“There are armoured cars on the highway, there are people not even in uniform, in jeans and T-shirts with rifles in their hands,” said Vladimir, a local businessman who came to the polling station with his wife and young son. “It’s scary when you don’t know if someone is a bandit or a member of law enforcement. I’m voting against being afraid.”
Many were pessimistic about the chances of the vote being counted fairly.
Supporters of the government said they wanted to preserve stability under Lukashenko’s strong leadership or were concerned about preserving state benefits.
“We want stability, calm, to keep everything good that we’ve got,” said one pensioner who said they would vote for the president. “Of course I’m voting for Lukashenko, there’s no one else to vote for.”
There were already signs of a crackdown heading into the vote and toward Sunday evening, armoured cars, water cannon and riot police had been reported in the centre of Minsk near the presidential administration.
Local journalists reported problems with Telegram, Twitter, Viber, WhatsApp, and websites associated with opposition parties and platforms for monitoring the vote. Netblocks, a civil society group, said internet connectivity had been “significantly disrupted in Belarus amid presidential elections”.
Lukashenko is facing unprecedented anger over his handling of the economy and a bungled coronavirus response. Before the elections he jailed opposition candidates and targeted foreign allies, accusing Moscow of sending mercenaries to destabilise the country.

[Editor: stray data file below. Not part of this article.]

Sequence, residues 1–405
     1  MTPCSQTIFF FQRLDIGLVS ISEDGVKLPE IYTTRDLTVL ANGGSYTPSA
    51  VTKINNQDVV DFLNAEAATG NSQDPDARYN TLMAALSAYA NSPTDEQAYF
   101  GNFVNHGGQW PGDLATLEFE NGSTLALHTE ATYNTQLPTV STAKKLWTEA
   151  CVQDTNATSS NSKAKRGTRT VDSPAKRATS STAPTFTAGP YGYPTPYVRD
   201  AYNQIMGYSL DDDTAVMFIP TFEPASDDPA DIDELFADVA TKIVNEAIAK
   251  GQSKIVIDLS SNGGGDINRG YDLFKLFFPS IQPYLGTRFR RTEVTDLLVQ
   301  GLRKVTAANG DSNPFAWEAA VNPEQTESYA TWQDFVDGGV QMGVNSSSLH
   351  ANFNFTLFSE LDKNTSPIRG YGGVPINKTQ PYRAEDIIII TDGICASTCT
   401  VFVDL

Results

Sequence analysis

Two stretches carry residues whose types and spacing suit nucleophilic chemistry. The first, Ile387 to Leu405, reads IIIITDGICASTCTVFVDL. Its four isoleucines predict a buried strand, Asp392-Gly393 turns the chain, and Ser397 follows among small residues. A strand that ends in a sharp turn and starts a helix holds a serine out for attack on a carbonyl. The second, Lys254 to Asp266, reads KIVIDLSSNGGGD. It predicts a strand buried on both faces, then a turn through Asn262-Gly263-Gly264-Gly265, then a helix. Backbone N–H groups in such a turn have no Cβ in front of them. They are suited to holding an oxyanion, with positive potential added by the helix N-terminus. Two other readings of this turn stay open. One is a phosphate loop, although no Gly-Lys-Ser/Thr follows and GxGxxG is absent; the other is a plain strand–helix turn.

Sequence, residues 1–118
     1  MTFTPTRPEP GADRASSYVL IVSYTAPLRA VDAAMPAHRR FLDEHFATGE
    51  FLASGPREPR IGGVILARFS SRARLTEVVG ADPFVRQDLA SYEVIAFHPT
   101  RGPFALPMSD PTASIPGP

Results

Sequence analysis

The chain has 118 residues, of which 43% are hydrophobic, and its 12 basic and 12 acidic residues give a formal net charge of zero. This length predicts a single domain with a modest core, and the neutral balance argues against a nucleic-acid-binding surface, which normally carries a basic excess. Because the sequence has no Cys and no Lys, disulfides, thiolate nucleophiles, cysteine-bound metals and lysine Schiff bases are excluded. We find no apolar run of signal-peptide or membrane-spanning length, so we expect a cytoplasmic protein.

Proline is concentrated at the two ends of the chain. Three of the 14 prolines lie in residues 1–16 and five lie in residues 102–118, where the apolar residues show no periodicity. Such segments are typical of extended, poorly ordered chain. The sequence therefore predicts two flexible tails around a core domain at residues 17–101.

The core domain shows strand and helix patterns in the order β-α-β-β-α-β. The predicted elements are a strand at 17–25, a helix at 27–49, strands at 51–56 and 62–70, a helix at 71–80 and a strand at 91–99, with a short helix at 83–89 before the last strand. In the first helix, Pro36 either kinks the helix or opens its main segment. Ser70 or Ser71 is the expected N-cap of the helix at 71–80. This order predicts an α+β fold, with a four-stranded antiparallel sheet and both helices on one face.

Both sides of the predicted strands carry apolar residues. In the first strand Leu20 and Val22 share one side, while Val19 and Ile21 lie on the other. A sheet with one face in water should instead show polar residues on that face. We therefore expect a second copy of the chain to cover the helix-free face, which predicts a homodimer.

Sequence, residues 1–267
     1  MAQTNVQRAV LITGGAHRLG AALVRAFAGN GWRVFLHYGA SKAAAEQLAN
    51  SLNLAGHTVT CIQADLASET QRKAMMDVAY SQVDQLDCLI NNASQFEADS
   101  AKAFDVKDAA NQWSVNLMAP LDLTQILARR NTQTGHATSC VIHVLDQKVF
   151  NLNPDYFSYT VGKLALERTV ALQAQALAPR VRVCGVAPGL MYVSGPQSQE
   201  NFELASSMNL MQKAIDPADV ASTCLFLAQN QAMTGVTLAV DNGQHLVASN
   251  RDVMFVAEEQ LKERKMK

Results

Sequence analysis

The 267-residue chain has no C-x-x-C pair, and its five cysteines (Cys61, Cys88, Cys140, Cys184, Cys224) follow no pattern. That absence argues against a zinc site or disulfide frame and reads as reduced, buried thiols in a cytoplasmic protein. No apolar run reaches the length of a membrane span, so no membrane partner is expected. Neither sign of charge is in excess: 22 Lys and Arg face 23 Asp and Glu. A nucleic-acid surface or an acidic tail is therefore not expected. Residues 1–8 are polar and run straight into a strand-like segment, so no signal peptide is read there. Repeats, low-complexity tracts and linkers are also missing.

Tikhanovskaya was initially a stand-in candidate for her husband, a popular YouTuber jailed earlier in the year. She has grown into an effective campaigner, attracting more than 63,000 people to a rally last month in Minsk, and thousands more in small cities and towns usually dominated by Lukashenko. She has been joined onstage by two other female politicians in a “trio” that has transformed the image of the country’s male-dominated politics.
Tikhanovskaya has said that she does not want to remain in power if she wins, promising to hold free elections within six months, release political prisoners and return the country’s pre-1996 constitution that limited presidents to two terms in office.
More than 40% of Belarusians were reported to have cast ballots in early voting, an unprecedented number that critics say indicate ballot stuffing by the government. The government, meanwhile, has lashed out at efforts to tally the vote.
“They accost voters,” said Lidia Yermoshina, the head of Belarus’s election commissions since Lukashenko’s first victory in 1996. “These are not fighters for democracy. These are people hired by the campaign of a criminal banker.”
One monitor, Anastasia Kadomskaya, 30, said she had managed to count turnout at her Minsk polling station by sitting in front of an open door in view of the ballot box. She said her station’s official turnout matched her own tally of around 17%, less than half of the national average. “You feel colossal pressure and stress at every moment because you have to keep defending your right to watch the vote as a citizen and observer,” she said.